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February 9, 2012 - 9:45am

A not so bleak midwinter

posted by JIM NIGRO in outdoors, nature, winter weather.

Somewhat silhouetted by the sun, these phragmite plumes stand out nicely against the blue winter sky, creating a scene hardly resembling early February. 

To my memory, I don't recall seeing as much waterfowl activity in our area as evidenced this winter. With no snow cover, waterfowl have been able to glean the grain fields, and local waters have iced over only occassionally but never for very long.

This scene is more reminiscent of April -- and trout season.

This snowfall was picturesque and like the others it didn't last long.

Here dining on sumac, wintering songbirds haven't had trouble finding food this season. While sumac is a normal part of their winter diet....... 

it seems they don't care much for sumac sno-cones.

By Sunday morning these waterfowl could find themselves evicted. Predicted low temps for Friday and Saturday show single digits and this mantle of ice could envelop the entire marsh.

It's been a nice run but we're certainly not out of the woods yet. Over the course of the next few weeks will we see more blue sky with just an occasional bite from Old Man Winter......

or will we one morning wake up to a setting such as this?

Howard B. Owens
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Very nice pictures, JIm.

John Woodworth JR
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I agree very nice pictures Jim. I especially like the plumes silhouetted by the sun and the songbird dining on the sumac.

Amy Tannehill-Joyner
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Our bird feeders have NOT been very busy this winter, only, it seems when we have had snow fall. Then it's like fast food, easy and cheap! (or is that cheep??) This mild winter has been good for the deer, the waterfowl and the birds, but the snowmobilers, I would guess, are more than a bit frustrated. These are great pictures, Jim.. thank you!

Billie Owens
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I wonder about this mild winter, which scientists say is the result of something I've never heard of before -- arctic oscillation, and how this affects migratory birds like Canada geese. Just a few days ago I saw about 40 of them on the banks of the Tonawanda behind Lambert's Design Jewelers. Were they still going to head south or are they in limbo waiting for spring or a cold snap? Does this weather confuse the poor things?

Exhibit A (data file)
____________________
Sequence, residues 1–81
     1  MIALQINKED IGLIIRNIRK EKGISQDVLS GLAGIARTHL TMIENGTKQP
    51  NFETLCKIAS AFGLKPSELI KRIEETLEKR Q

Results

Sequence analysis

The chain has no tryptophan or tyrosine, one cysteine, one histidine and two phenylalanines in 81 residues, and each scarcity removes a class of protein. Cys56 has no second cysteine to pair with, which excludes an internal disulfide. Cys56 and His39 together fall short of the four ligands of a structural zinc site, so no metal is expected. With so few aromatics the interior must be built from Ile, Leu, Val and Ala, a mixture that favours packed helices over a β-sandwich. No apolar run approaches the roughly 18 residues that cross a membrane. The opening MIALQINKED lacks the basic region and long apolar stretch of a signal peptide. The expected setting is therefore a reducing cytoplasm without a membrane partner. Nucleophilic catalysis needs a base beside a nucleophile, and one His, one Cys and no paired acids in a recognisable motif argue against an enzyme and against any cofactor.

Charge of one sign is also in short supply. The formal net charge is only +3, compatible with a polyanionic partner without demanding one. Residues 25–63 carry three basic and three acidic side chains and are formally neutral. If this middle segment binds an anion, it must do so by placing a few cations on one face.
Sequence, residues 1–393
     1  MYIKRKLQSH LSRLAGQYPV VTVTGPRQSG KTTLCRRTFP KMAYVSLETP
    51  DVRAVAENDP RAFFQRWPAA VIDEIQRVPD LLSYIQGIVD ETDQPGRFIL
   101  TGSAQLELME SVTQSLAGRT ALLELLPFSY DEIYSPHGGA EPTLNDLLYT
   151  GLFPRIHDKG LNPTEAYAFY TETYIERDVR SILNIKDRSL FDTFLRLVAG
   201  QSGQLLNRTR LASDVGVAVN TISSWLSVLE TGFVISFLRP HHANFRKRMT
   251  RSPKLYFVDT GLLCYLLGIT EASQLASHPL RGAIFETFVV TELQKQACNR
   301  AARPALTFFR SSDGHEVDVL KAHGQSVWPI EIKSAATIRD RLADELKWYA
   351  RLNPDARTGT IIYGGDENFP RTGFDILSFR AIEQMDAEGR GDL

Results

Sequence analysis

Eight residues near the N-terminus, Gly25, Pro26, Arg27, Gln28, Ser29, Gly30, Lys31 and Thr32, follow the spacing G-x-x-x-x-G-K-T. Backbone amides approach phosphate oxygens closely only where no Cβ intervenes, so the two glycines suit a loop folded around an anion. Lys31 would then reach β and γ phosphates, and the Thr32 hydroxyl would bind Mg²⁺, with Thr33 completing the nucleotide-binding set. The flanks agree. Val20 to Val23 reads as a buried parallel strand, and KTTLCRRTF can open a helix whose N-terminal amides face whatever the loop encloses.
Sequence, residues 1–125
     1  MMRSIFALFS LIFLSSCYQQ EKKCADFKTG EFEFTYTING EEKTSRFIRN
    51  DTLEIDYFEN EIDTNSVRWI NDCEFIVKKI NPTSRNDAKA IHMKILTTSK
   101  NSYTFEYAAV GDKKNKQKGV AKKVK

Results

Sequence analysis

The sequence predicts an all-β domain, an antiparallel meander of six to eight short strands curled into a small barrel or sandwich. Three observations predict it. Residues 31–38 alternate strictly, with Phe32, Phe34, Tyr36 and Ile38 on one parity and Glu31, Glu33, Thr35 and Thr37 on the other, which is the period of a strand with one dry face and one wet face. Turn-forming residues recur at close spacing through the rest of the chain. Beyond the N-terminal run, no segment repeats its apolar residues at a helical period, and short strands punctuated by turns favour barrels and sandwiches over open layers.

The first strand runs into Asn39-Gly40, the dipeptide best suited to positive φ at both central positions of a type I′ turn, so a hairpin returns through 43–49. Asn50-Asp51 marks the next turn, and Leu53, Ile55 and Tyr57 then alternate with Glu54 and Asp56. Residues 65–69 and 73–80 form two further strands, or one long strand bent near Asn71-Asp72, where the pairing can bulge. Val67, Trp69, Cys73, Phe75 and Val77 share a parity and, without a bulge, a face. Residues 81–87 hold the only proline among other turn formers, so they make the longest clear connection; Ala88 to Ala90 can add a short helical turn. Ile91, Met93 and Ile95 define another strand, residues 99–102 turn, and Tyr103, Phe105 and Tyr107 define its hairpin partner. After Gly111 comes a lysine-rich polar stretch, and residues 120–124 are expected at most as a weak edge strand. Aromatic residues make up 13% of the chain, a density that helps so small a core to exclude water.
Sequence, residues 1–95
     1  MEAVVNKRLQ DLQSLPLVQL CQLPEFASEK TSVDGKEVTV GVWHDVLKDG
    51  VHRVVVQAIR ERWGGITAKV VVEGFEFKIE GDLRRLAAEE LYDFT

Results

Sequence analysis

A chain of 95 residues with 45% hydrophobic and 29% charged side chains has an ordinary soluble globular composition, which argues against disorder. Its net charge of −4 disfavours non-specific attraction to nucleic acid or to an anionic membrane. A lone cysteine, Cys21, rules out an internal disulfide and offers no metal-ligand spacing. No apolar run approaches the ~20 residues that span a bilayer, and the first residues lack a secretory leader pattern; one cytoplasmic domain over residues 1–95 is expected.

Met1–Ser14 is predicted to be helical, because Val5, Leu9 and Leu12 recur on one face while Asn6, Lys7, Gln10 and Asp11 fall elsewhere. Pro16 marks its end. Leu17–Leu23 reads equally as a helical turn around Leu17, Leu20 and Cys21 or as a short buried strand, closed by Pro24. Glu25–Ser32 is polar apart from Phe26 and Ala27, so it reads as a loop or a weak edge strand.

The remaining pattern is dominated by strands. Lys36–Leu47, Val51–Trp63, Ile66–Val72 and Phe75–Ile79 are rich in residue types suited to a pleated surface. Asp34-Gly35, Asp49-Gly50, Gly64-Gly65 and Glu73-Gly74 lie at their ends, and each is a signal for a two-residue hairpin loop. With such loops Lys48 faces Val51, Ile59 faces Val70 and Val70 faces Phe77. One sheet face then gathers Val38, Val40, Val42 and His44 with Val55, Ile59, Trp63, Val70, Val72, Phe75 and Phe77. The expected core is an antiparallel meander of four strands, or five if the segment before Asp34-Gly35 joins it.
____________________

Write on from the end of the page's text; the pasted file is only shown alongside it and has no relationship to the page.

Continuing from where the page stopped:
Jami Bartz
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Gorgeous pictures Dad! As much as I think the snow is beautiful, I haven't minded the mild winter. Love you!

JIM NIGRO
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Thank you all for your comments!

JIM NIGRO
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Billie,
ducks and geese congregate in the area you mentioned - especially west of River St. There the water is shallow, allowing for easy foraging, and even in midwinter there are stretches of stream that remain ice free. Arctic oscillation is not a term I'm familiar with, but I've noticed other areas of the nation have had severe weather while locally its been relatively mild.

Since late autumn I've seen mega flocks of geese foraging in the harvested grain fields of northern Genesee and Orleans counties. I've often felt that creatures of the wild act as a natural barometer for various conditions, such as weather. Every year we look forward to seeing the robins and the sound of migrating geese. This winter it seems like the geese, a good number of them anyway, never left.

Do I think they're confused? Not at all. Mother Nature doesn't always follow the rules!

Mardell Lamb
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Great pics Jim. As always, a wealth of information! I've noticed for several years now that the "honkers" have stayed throughout the year. See them everywhere ~ and I mean EVERYWHERE. Such a change from when I was growing up in the 60's-70's.

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